I have been married for 32 years. I have a wonderful life. I have been obsessed with genealogy since I was 24 years old. It was all of a sudden very important for me to find out who my ancestors where. When that became difficult, I switched over to researching my husband’s ancestors.
I have always had such gratification from knowing where our family came from and was looking forward to sharing this with my children.
Well as fate would have it, I didn’t have any biological children. My husband’s only sister also had no children. Our family grew through adoption.
After 13 years of marriage, 6 failed in-vitro attempts, drugs, surgery and a 7 year waiting period for a baby…we were blessed with our first son in 1996. The most ironic thing about all this??? His birth mother said one of the factors in why she chose us was that she was very much into genealogy. She even gave me a full family tree of her family to give to my son if he’s interested. Amazing.
Then, after 3 years and 4 more failed adoption attempts we travelled to Siberia to adopt our younger son. Our family was now complete.
The only thing I struggled with was that my 35+ years of research and documentation would not be of interest to my sons. They are not biologically attached to their ancestors.
Boy, was I wrong!
My elder son is half Italian (another reason we were chosen) and part Irish/English. His ancestry is very connected to ours. He also is 100% connected to us and our ancestry and has never asked us about his bio family history. If he does, I do have it. I’ve shared part of it and it interested him, but not in a tangible way as ours has. He only knows “our” family, therefore “our” history.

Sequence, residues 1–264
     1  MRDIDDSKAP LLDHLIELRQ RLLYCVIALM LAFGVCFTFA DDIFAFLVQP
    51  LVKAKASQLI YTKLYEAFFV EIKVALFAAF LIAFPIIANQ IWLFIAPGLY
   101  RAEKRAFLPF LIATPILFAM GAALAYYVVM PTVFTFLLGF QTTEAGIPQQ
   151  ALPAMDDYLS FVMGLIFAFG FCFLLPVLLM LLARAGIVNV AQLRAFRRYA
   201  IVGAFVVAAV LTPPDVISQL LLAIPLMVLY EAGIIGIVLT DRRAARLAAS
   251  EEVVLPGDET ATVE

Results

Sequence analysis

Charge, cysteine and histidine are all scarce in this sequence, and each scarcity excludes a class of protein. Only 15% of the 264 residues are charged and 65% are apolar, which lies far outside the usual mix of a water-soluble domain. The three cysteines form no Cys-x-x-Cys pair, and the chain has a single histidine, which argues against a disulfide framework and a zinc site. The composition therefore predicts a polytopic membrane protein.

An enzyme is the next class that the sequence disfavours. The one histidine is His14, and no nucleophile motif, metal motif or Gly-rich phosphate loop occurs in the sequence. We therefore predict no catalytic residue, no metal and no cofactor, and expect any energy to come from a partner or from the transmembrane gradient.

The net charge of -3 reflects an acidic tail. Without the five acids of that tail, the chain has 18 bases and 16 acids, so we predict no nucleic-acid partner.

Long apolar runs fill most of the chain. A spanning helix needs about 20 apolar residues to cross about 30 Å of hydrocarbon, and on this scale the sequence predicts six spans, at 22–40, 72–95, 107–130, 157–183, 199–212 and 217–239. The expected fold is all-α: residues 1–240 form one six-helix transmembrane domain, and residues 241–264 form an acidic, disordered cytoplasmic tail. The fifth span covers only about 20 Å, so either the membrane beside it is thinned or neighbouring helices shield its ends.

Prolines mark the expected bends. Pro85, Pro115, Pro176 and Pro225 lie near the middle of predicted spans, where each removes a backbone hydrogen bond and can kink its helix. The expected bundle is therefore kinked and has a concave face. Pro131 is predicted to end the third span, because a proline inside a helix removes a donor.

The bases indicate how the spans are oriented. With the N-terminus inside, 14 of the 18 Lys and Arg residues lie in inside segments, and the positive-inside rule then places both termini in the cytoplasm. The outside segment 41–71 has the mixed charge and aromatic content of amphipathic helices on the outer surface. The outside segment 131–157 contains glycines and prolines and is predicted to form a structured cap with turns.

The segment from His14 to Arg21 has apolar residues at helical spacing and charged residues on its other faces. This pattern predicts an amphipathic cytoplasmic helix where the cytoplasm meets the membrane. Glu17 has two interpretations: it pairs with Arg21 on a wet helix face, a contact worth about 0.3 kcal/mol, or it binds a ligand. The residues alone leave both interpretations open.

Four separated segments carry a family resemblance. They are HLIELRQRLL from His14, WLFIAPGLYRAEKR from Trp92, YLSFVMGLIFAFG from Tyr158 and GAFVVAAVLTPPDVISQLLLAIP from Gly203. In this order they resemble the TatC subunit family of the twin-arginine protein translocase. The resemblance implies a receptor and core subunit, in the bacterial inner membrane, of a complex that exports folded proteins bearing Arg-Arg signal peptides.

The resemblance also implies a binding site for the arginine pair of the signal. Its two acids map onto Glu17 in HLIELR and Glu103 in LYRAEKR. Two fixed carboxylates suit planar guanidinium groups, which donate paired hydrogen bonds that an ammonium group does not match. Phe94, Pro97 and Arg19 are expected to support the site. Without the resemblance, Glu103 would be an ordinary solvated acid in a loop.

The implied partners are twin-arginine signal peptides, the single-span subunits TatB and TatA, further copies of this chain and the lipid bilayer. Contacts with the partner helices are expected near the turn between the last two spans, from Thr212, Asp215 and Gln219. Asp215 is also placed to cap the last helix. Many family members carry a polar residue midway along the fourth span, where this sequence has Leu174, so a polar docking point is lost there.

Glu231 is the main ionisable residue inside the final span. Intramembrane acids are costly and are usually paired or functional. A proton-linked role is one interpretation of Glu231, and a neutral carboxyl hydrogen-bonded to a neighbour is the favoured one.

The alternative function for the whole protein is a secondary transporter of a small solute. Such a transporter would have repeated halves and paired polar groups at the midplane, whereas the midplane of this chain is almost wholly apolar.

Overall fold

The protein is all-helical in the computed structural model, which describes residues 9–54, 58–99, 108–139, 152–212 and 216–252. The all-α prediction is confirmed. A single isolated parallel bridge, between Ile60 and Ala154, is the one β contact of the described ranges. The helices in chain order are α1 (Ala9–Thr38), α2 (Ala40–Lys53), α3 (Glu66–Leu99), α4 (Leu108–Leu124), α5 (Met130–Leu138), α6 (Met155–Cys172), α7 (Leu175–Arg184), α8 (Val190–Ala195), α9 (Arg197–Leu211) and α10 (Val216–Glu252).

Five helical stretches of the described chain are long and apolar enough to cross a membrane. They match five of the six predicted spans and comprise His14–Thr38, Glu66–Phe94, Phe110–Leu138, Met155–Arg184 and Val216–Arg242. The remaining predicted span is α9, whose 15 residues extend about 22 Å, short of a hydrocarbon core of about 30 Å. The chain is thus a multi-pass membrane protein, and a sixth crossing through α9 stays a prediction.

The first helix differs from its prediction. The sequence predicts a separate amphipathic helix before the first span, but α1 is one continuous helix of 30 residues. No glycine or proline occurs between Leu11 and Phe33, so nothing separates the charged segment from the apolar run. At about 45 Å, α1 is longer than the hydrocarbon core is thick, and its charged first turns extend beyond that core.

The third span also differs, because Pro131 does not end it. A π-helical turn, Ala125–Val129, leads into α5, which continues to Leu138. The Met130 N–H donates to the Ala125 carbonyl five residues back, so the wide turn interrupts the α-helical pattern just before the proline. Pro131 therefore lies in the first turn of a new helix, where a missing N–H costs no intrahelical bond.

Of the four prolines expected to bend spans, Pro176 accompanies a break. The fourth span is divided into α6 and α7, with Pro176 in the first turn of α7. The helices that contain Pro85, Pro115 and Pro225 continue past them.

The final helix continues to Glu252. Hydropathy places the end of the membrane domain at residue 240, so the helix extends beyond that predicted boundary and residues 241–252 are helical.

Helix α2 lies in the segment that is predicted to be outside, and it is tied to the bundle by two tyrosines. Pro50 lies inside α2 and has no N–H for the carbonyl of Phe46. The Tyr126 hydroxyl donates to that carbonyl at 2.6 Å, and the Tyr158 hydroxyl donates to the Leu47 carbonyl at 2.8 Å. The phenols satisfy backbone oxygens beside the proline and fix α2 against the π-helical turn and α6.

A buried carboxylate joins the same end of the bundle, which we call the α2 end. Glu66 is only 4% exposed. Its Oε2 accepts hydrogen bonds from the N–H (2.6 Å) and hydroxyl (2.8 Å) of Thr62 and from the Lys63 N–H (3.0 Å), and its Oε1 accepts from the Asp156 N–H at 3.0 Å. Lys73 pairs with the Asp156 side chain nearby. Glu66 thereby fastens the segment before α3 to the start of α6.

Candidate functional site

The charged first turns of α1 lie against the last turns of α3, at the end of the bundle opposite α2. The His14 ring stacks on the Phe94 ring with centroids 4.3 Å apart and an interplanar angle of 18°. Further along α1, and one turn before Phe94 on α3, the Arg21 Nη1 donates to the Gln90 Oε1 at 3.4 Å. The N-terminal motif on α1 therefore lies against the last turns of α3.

My younger son is half Russian (Jewish) and half Tajikistani. How great was it that I received my DNA results and was able to connect with him about our shared Jewish ancestry!
We are a blended family. A lot of families today are blended…in so many different ways. I grieved for the fact that all my research about our ancestors might not be passed down, but I know that the information can be given to cousins on both sides. I rejoiced in the fact that I had even MORE family to research!
I have compiled as much family history as I can for both my boys. Obviously, it’s much harder for the younger one, but if he wants to travel to Siberia on day- we’re there!
Family history INCLUDES adopted children. They ARE part of the family. I was mistaken.
Our sons will carry on my husband’s surname forever, as will their children if they have them.